David: Totally. So from your experience building these eight conferences around the U.S., pulling in all these speakers, you’ve built up a pretty large network of social media enthusiasts, businesspeople and thought leaders, which are authors, contributors to the Social Fresh blog. It’s growing at a pretty rapid rate and you’re churning out some great content there. Would you have any tips for the people out there of how to encourage people to want to guest blog and kind of help you build the content?

Jason: Yeah. I think the first thing is to understand why your blog exists. So for Social Fresh, our blog exists as kind of a rallying point for our community. has been around, obviously, since the event has or beforehand, but we were using it only to talk about the events for a long time. So there wasn’t really a whole lot of traffic there except for the people that were thinking about going to the event or people that were going to the event or looking at the event after they had gone to it.

We decided to start to bring the same kind of content that we had at our events to the website because we wanted that rallying point online for those people to comment on the same topics, for those people to learn on the same topics outside of one or two or five events a year. So since that is our main objective, I need to go out and number one, look for authors that get value out of talking to that community and number two, look for authors that have the expertise or the passion about the topic.

I think, number one, figure out what your purpose for your blog is and pull lessons from that. So make sure you’re getting people who are passionate about your topic, make sure you’re getting people that gain value either from the community that exists on your blog or other opportunities on your blog, whether it’s affiliate opportunities or if there’s revenue involved. If you’re looking for free guest bloggers, there has to be some type of return for them. Some people will probably do it just to get experience blogging, but that’s not a long-term thing and that’s not the best reason you want a guest blogger for. You want a guest blogger that is as invested in your community as you are and that is getting value back from being in front of that community. So once you know that and once you know that topic and that value exchange, I think you can easily go out and find people that exist and that will get that value exchange.

David: Right. I think another thing is make it as easy as possible.

Jason: Yes. That’s something we’ve learned at Social Fresh. There’s all kind of plug-ins and things you get in the back end, but at the end of the day, for a lot of our blog posts, I find the images. I go in and do formatting for people sometimes. People that do articles on our blog a lot, they know the routine and they do a lot of it themselves. But if you’re the first time person coming to guest blog for Social Fresh, I’ll typically go in and clean it up a lot, give you some guidance, and let you know how our style sheet works and get the right kind of image and kind of help them along.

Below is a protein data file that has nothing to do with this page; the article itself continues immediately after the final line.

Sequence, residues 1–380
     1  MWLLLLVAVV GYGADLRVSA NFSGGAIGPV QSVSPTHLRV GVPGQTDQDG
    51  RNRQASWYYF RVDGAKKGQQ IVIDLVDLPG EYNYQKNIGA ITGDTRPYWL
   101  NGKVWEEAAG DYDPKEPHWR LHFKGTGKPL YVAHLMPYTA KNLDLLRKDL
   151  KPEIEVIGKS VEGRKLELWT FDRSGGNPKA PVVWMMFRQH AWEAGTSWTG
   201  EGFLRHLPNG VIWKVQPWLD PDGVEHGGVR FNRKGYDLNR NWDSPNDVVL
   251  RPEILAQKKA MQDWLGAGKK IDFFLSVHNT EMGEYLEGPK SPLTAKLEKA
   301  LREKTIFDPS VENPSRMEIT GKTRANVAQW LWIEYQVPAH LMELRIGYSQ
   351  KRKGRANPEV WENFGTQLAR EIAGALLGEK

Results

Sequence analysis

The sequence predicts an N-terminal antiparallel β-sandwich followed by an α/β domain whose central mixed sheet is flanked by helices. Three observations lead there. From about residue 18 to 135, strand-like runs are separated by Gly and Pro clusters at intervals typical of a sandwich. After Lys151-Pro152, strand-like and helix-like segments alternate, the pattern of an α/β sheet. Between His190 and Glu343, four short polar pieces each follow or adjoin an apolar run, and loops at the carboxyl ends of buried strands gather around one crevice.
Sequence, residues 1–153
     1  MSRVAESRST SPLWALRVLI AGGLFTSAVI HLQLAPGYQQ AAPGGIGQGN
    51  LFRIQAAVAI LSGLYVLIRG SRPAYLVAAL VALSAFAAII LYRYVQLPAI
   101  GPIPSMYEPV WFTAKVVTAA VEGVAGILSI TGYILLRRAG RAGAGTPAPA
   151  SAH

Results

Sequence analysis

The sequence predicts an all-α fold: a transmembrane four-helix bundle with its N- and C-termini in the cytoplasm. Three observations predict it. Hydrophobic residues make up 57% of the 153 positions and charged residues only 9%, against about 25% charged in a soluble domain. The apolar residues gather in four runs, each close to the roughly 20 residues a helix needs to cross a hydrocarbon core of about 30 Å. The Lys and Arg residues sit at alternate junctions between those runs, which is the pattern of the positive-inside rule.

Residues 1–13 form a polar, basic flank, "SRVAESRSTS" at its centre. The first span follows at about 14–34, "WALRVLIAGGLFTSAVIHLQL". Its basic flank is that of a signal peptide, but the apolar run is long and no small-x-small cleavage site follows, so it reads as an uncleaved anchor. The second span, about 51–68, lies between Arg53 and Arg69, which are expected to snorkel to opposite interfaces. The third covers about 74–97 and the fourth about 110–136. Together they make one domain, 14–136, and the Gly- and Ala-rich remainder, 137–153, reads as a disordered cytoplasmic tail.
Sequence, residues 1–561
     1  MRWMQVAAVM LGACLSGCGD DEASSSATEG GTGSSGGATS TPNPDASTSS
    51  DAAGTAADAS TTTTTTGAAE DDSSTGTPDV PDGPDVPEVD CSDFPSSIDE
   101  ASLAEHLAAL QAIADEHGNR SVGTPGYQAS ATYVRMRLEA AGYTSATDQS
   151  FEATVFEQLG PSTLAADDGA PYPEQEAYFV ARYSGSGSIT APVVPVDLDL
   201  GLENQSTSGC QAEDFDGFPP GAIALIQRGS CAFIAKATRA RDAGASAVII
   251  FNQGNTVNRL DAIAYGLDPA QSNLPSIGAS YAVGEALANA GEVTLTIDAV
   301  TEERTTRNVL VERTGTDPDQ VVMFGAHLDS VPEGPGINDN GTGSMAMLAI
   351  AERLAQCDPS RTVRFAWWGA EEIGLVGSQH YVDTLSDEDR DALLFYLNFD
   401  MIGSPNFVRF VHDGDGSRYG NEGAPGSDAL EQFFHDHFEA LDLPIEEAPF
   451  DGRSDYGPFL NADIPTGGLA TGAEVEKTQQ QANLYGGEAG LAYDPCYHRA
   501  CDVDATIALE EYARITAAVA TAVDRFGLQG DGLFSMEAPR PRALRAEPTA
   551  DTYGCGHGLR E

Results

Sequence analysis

If it’s not easy for someone to do it, then it’s going to be a big roadblock for them to help you. And if they’re already time-crunched, which most of us are, that just might be enough for them not to complete the blog post. So you want to eliminate any barrier. Give them their own WordPress login. Get some plug-ins in there that make it really easy for them to get around and get things going smoothly. Give them constant reminders and feedback and thank yous.

David: Yeah. Because at the end of the day, most guest authors, you’re not paying them, so you’ve got to make it worth their while. Like you said, time is very, very valuable to people.

Jason: Yeah. And thank yous. We do little things on Social Fresh, like whenever I tweet out from the Social Fresh blog another person’s article I try to say by that person’s Twitter handle to give them a little credit on Twitter. We just added our author pages so they can put links to their websites and their bio and their social media accounts, and then we’ve also added that same author page in the footer of each article so that people can get access to that author’s information as quick as possible. It gives that person a little more recognition for what they’re putting out there. Instead of just a little byline, we’re trying to give them as much recognition as possible without getting too over the top.

David: I would also say putting a call-to-action — write for us — letting people know that you’re looking for guest posters, that’s one of the biggest things that people are like, “Oh, I wish someone would help me with …" That’ll get people, that’ll pull them in. They don’t know that you want content. Everyone does, but you’ve got to let them know.